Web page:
Like the ancient Roman, Asian, and other civilizations, the ancient Maya produced salt and salted fish — storable commodities for marketplace trade, according to a new study published in the Proceedings of the National Academy of Sciences.
Professor Heather McKillop, an anthropologist at Louisiana State University, and her colleague, Ibaraki University’s Professor Kazuo Aoyama, analyzed stone tools from the Paynes Creek Salt Works, an ancient salt works in Belize.
“Since we found virtually no fish or other animal bones during our sea-floor survey or excavations, we were surprised that the microscopic markings on the stone tools, which we call ‘use-wear,’ showed that most of the tools were used to cut or scrape fish or meat,” Professor McKillop said.
The study site is a 3 sq.mile area surrounded by mangrove forest that had been buried beneath a saltwater lagoon due to sea level rise.
“Sea level rise completely submerged these sites underwater,” Professor McKillop noted.
“The soggy mangrove soil, or peat, is acidic and disintegrates bone, shells and microfossils made from calcium carbonate. Therefore, no remnants of fish or animal bones were found.”
“However, the mangrove peat preserves wood, which normally decays in the rainforest of Central America.”
After finding the preserved wood in 2004, the team mapped and excavated the underwater sites with funding from the National Science Foundation and the National Geographic Society.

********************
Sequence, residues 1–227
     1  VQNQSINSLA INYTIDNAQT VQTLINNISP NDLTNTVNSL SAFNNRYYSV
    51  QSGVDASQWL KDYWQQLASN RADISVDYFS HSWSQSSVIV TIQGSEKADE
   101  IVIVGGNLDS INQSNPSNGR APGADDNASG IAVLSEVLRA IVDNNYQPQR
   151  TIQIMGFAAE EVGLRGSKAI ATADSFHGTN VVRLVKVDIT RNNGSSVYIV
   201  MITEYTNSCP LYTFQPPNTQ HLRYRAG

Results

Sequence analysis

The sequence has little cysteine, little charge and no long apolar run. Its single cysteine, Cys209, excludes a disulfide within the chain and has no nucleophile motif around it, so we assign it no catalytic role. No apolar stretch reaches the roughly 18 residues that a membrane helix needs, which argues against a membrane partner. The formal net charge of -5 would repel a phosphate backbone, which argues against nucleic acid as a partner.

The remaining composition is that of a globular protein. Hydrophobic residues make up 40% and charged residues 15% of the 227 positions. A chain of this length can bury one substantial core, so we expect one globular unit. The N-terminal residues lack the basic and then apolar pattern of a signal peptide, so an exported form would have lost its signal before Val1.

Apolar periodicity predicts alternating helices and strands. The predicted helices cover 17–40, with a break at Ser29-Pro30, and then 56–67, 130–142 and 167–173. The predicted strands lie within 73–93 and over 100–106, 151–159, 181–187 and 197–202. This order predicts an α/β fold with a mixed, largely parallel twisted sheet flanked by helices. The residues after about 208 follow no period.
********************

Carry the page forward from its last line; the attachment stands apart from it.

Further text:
They discovered more than 4,000 wooden posts that outline a series of buildings used as salt kitchens where brine was boiled in pots over fires to make salt.
The pottery is also used in modern and historic salt-making and is called briquetage.
The salt was hardened in pots to form salt cakes and used to salt fish and meat, which were storable commodities that could be transported to marketplaces by canoe within the region.
The ancient Maya may have traveled by boat along the coast and up rivers to cities about 15 miles inland to trade and barter.
“These discoveries substantiate the model of regional production and distribution of salt to meet the biological needs of the Classic Maya,” Professor McKillop said.
Heather McKillop & Kazuo Aoyama. Salt and marine products in the Classic Maya economy from use-wear study of stone tools. PNAS, published online October 8, 2018; doi: 10.1073/pnas.1803639115
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